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Anonymous 12/27/2017 (Wed) 03:39:18 [Preview] No. 12075
>Sorting through some books and organizing other random shit
>Laptop is closed and should be on sleep mode
>Come back after a few minutes
>Fucking CPU (Core 2 DuoTM) at 227 DEGREES FAHRENHEIT for over ten minutes based on usage history
>Fan isn't turning on
>Somehow still able to navigate through the OS and normally turn off computer
>Turn computer back on and fan is working perfectly fine

What the fuck, I'm surprised how hardy this damn laptop is.


Anonymous 12/27/2017 (Wed) 06:51:17 [Preview] No.12076 del
>227 DEGREES FAHRENHEIT
I do not speak burger, please convert it to human metric system.


Anonymous 12/27/2017 (Wed) 07:59:29 [Preview] No.12077 del
>>12076
Subtract 30 and divide in two. It's basically 100°c, his cpu was at boiling point.

I'll assume it's an old laptop then, maybe a thinkpad. When is the last time you replaced the thermal paste?


Anonymous 12/27/2017 (Wed) 09:18:12 [Preview] No.12078 del
>>12076
>Please convert X measurement to Y measurement for me because I can't/don't want to do it.

>>12077
>I'll assume it's an old laptop then, maybe a thinkpad.
Correct
>When is the last time you replaced the thermal paste?
Is this something individuals do to their laptops? Never replaced the thermal paste because the CPU never achieved temperatures that warranted such actions.


Anonymous 12/27/2017 (Wed) 14:05:51 [Preview] No.12079 del
>>12078
Yes you should. Ideally every 3 years. It doesn't matter if it's a laptop or desktop, you need conductivity for the heat sink on your CPU and GPU. I would guess it's only because the nm spacing is so high on your c2d that it didn't fry. IIRC the old p4 chips can also withstand very high heat. I would guess it's not been a problem until now because you don't put your laptop under stress or leave it on for extended periods. While you're at it I would dust your vents to prevent air flow blockage also.


Anonymous 12/27/2017 (Wed) 19:26:04 [Preview] No.12080 del
>>12079
I should have also stated that reaching the heatsink to apply new thermal paste is a major pain in the ass when it comes to Thinkpads (If you don't already know, you need to remove the entire motherboard. This applies to the X60 and X200 laptops I have, I have no idea if this applies to other models...).
>Would guess it's not been a problem until now because you don't put your laptop under stress or leave it on for extended periods.
It was most likely a software-related problem, the fan didn't turn on at the time, but works perfectly, but my Thinkpad has been the subject of a strange problem recently, the laptop AC adapter connection turns off and on like a linear "beeping" and a clearly audible high pitched whine emanates from the motherboard, specifically below the CPU where there is an abundance of capacitors...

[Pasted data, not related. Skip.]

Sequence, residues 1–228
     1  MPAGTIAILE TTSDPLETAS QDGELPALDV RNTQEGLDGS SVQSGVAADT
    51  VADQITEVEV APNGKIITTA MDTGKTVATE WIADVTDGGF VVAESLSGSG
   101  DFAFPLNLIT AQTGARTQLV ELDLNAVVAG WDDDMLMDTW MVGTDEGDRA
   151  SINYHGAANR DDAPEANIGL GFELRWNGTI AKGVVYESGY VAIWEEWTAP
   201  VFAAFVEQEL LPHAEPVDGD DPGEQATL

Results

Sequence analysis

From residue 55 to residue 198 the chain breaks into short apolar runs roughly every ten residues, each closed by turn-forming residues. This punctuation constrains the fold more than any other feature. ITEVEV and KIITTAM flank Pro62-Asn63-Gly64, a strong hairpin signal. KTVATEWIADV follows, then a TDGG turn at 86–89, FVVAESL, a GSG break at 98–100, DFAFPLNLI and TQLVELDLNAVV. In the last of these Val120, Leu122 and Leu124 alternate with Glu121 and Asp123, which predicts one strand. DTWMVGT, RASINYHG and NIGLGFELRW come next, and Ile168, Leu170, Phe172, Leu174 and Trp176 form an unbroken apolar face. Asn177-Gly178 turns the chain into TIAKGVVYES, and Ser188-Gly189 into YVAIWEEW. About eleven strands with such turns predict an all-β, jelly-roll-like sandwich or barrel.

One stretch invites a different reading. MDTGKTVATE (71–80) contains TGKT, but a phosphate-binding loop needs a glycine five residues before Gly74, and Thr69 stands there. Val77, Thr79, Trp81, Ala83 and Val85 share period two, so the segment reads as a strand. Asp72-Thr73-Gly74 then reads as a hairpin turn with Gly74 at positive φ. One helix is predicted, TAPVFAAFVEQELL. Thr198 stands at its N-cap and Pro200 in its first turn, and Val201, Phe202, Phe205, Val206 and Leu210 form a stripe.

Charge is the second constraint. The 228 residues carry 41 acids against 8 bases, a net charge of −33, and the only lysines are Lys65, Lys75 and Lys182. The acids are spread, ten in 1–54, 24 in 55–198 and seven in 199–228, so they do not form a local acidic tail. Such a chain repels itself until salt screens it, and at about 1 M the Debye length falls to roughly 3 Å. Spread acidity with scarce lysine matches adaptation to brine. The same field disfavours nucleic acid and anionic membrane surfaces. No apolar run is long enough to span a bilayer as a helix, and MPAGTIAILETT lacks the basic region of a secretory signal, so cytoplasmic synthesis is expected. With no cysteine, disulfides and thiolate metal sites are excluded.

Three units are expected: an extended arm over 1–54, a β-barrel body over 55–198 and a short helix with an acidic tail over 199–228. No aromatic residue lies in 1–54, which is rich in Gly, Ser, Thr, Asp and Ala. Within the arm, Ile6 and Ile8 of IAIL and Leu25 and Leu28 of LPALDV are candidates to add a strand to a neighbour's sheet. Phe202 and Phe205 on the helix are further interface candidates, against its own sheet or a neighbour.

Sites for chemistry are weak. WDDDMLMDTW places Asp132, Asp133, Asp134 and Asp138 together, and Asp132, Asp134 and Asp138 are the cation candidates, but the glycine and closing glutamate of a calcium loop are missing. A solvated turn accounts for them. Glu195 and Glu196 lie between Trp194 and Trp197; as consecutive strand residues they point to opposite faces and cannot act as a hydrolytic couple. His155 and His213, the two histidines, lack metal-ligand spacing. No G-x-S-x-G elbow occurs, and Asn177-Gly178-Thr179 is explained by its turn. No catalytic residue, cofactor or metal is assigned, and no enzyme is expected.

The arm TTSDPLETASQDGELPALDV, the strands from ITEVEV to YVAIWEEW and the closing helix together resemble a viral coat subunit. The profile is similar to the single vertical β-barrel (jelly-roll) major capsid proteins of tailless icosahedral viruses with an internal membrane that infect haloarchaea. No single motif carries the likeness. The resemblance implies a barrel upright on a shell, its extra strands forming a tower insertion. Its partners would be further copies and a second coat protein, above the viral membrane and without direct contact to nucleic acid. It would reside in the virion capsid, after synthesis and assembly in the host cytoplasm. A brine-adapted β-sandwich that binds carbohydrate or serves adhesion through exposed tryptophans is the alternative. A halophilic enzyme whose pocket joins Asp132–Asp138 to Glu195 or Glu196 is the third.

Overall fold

>While you're at it I would dust your vents to prevent air flow blockage also.
It gets done daily, the keyboard requires a total of four screws to be removed, and fastest measured time I have gotten it done was in eight seconds.


Anonymous 12/27/2017 (Wed) 22:14:01 [Preview] No.12082 del
Check your sysctl for acpi controls. OpenBSD may require tunning on this...
Also, as the other anon said, clean the laptop. Over the years it becomes with so many dust that you can't even pass air through it. And the thermal paste, of course (don't need to buy these expensive silver paste, just the simple one will do the job, unless you try overclocking or other dumb shit).


Anonymous 12/27/2017 (Wed) 23:06:17 [Preview] No.12085 del
>>12082
>don't need to buy these expensive silver paste, just the simple one will do the job
This irks me because there are multiple companies that manufacture and sell thermal pastes and each claims that their "PATENTED TECHNOLOGY SILVER-INFUSED SUPER THERMAL PASTE 3000 GAMER-GRADE" is better than the others on the shelf without giving an ingredient composition list, and you end up needing to rely on experimentation by others to determine which thermal paste is suitable for your application, but then you realize there are multiple variables that go into these tests and that 1 degree difference could have been due to an external factor, and you don't trust the generic paste because that small tag with mandarin written on it makes you suspicious. This same concept applies to other products.
>unless you try overclocking or other dumb shit
Only when I want to run a software application on one of my older computers to escape the analytical botnet and other garbage, the fan always stays on the highest setting when the CPU is overclocked, and my dedicated calculations computer is cooled via refrigeration.

Autistic rant because fuck corporations that don't strive to manufacture products that are the best in the competition for the money.


Anonymous 12/28/2017 (Thu) 03:19:38 [Preview] No.12091 del
C2D processors have built-in throttling, they will decrease everything in order to cool down when reaching junction temps. Unless something is broken, it won't die and turn on fire.



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